• Baawra aheri (1954)
  • Indradhanu raunde hue ye (1957)
  • Ari o karuna prabhamaya (1959)
  • Aangan ke paar dvaar (1961)
  • Poorva (1965)
  • Sunahale Shaivaal (1965)
  • Kitni naavon mein kitni baar (1967)
  • Kyonki main usei jaanta hoon (1969)
  • Saagar-mudra (1970)
  • Pahle main sannata bunta hoon (1973)
  • Mahavriksha ke neeche (1977)
  • Nadi ki baank par chhaya (1982)
  • Sadanira-1 (1986)
  • Sadanira-2 (1986)
  • Aisa koi ghar aapne dekha hai (1986)
  • Maruthal (1995)
  • Sarjana ke kshan (Selection)
  • Thaur thikaane (Handwritten, circulated zeroxed)
  • Karaawas ke din (Trans. from English by Uday Shankar Shrivastava)
  • Kavishri ( Ed. Shiyaram Sharan Gupt)
  • Aaj ke lokpriy kavi (Ed. Vidya Niwas Mishra)
  • Kaavya-stabak ( Ed by Vidya Niwas Mishra & Ramesh Chandra Shah)
  • Sannate ka chhand (Ed by Ashok Vajpeyi)
  • Ajneya: Sanklit kavitayen (Ed by Namvar Singh)

Novels:

  • Shekhar: Ek Jeevani I (1941)
  • Shekhar: Ek Jeevani II (1944)
  • Shekhar: Ek Jeevni III (Unpublished)
  • Nadi ke dweep (1952)
  • Apne-apne ajnabi (1961)
  • Barahkhambha (co-writer, 1987)
  • Chhaya mekhal (Incomplete, 2000)
  • Beenu bhagat (Incomplete, 2000)

Stories anthologies:

  • Vipathga (1937)
  • Parmpara (1944)
  • Kothri ki baat (1945)
  • Sharnaarthi (1948)
  • Jaydol (1951)
  • Amarvallari tatha anya kahaniyan(1954)
  • Kadiayan tatha anya kahaniyan (1957)
  • Acchute phool tatha anya kahaniyan (1960)
  • Ye tere pratiroop (1961)
  • Jigyasa tatha anya kahaniyan (1965)
  • Meri priy kahaniyan (Selection,2004)
  • Chhorra hua rasta (Sampoorn kahanitan-1, 1975)
  • Lautti pagdandiyan (Sampoorn kahaniyan-2, 1975)
  • Sampoorn Kahaniyan (2005)
  • Adam Ki diary (Ed by Nand Kishore Acharya, 2002)

Play:

  • Uttar Priyadarshi

Travelogue:

  • Arei Yayavar Rahega Yaad (1953)
  • Kirnon ki khoj mein (Selection,1955)
  • Ek Boond Sahsa Uchhli (1960)

Criticism:

  • Trishanku
  • Hindi sahitya: Ek adhunik paridrishya
  • Atmanepad
  • Aatmparak
  • Aalwaal
  • Likhi kagad kore
  • Jog likhi
  • Adyatan
  • Samvatsar
  • Smriti ke paridrishya
  • Srot aur setu
  • Vyakti aur vyavastha
  • Yug-sandhiyon par
  • Dhaar aur kinaare
  • Bhartiya kala drishti
  • Smritichhanda
  • Kendra aur paridhi
  • Srijan: kyon air kaise
  • Kavi-Nikash
  • Kavi-drishti (Prefaces)
  • Tadbhav (Selection by Ashok Vajpeyi)
  • Lekhak ka Dayittva (Ed by Nand Kishore Acharya)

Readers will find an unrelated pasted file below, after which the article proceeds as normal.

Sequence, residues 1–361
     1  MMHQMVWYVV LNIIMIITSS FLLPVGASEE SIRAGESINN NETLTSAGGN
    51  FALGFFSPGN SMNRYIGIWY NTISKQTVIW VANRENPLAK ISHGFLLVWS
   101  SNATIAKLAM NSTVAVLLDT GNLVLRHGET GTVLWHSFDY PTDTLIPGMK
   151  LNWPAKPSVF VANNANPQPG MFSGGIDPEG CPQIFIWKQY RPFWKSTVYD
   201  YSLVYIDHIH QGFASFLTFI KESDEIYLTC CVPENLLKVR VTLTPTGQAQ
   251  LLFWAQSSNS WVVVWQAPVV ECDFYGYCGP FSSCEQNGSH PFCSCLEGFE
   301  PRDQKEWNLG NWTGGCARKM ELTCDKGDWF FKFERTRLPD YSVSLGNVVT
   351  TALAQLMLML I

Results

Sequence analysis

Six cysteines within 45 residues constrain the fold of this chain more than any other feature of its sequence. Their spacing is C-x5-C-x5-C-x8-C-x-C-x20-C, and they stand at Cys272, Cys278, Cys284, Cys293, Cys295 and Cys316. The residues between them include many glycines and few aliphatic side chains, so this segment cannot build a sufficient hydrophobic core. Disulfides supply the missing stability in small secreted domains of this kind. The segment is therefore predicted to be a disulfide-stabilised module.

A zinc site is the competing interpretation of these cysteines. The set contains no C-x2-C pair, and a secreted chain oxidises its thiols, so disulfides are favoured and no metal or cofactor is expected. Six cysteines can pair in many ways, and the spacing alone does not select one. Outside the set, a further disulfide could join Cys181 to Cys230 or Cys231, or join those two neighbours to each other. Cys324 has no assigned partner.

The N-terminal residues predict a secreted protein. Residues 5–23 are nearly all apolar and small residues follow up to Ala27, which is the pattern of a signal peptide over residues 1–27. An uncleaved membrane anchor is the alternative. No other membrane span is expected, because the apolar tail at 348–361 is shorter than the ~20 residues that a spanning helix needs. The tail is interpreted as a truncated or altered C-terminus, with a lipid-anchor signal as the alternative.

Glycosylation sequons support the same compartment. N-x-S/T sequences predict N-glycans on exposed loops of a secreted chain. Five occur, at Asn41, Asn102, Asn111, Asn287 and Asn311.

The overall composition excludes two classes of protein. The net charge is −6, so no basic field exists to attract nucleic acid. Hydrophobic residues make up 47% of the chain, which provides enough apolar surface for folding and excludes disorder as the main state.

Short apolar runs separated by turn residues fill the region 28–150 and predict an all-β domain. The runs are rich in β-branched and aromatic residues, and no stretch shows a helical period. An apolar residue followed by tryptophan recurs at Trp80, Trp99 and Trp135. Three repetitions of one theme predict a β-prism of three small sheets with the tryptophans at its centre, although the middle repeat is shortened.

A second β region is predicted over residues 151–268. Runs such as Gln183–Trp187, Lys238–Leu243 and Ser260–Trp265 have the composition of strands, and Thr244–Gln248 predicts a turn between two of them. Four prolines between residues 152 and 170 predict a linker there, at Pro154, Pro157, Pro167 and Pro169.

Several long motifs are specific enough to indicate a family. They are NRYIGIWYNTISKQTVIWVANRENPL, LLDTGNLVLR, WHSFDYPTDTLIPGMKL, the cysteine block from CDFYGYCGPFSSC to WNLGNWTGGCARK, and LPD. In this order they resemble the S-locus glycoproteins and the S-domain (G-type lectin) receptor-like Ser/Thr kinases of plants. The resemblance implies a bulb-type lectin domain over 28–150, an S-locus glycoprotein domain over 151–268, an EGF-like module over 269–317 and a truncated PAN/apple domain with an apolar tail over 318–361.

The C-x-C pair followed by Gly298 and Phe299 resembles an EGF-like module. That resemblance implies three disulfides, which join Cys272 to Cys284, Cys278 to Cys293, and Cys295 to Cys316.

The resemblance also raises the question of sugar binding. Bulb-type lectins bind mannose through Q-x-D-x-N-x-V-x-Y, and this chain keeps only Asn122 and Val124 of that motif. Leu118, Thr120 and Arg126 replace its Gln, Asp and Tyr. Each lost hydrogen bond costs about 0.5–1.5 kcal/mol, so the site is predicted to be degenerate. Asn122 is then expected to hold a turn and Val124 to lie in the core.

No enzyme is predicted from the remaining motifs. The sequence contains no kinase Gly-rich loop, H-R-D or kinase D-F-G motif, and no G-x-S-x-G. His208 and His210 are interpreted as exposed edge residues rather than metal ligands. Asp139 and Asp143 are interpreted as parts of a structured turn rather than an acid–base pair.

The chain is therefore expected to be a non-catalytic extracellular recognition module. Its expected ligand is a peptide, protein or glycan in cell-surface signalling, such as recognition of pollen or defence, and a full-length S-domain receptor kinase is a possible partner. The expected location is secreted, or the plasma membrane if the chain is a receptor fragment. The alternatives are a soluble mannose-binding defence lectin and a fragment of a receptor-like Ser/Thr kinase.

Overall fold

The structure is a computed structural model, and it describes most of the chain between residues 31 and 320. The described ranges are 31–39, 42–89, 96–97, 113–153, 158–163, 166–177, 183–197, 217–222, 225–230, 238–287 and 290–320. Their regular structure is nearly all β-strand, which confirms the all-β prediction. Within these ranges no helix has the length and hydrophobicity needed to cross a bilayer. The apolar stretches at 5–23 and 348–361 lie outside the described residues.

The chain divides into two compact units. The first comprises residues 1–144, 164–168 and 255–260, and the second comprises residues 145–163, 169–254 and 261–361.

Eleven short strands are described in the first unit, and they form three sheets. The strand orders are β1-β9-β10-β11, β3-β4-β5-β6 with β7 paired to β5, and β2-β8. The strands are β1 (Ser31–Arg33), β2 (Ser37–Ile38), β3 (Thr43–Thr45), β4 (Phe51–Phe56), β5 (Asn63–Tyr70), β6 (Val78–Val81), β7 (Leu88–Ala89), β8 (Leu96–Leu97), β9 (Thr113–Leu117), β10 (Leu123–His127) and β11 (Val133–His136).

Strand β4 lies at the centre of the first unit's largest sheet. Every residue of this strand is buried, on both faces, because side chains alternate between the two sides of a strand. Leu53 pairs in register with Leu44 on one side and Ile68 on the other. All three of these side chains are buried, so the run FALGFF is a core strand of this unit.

• Khule Mein Khada Ped (Ed by Nand Kishore Acharya)

Light Essyas:

  • Sab rang
  • Sab rang aur kuchh raag
  • Kahan hai dwaraka
  • Chhaya ka jangal

Diary:

  • Bhavanti
  • Antara
  • Shaswati
  • Shesha
  • Kaviman (Ed by Ila Dalmia Koirala)

Memoirs:

  • Smriti-lekha
  • Smriti ke galiyaron se

Edited:

  • Taar Saptak
  • Doosra Saptak
  • Teesra Saptak
  • Chautha Saptak
  • Pushkarini
  • Naye ekanki
  • Nehru abhinandan granth (co-editor)
  • Roopambara (Sumitrnandan Pant abhinandan granth)
  • Homvati smarak granth
  • Sarjan aur sampreshan
  • Sahitya ka parivesh
  • Sahity aur samaj parivartan
  • Samajik yatharth aur katha-bhasha
  • Samkaleen kavita mein chhand
  • Bhavishya aur sahitya
  • Indian Poetic Tradition (With Vidya Niwas Mishra and Leonard Nathan)

Introducing:

  • Naye Sahitya Srishta-1 Raghuveer Sahay: Seedihiyon par dhoop mein
  • Naye Sahitya Srishta-2 Sarveshawar Dayal Saxena: Kaath ki ghantiyan
  • Naye Sahitya Srishta-3 Ajit Kumar: Ankit hone do
  • Naye Sahitya Srishta-4 Shanti Mehrotra

Conversations:

  • Aparoksh, Ramesh Chandra Shah & others
  • Rachna: Kyon aur kinke beech, Sharad Kumar, Geeti Sen & Others
  • Agyeya Apne bare mein (AIR Archives), Raghuveer Sahay & Gopal Das
  • Kavi Nayak Ajneya, Ila Dalmia & Neelima Mathur

In English:

  • Prison days and other poems (Poetry)
  • A sense of time (Essays)

Selection (general): Sanchayita (Ed Nand Kishore Acharya)

Translations:

  • Shrikant (Sharat Chandra, from Bangla, 1944)
  • Gora (Rabindranath Thakur, from Bangla)
  • Raja (Rabindranath Thakur, from Bangla)
  • Vivekanand (With Raghuvir Sahay, from Bangla)
  • The resignation (Jainendra Kumar, into English)
  • The seventh horse of the sun (Dharmveer Bharti, into English)
  • The Silent waters (Poems of Sarveshwar Dayal Saxena, in 'Thought'0
  • Vazir ka Feela (Ivo Andric, from English)
  • Mahayatra (Par Lagerkvist's trilogy, from English)

Self-translated works:

  • Islands in the stream (Nadi ke dweep, into English)
  • To each his stranger (Apne apne ajnabi, into English)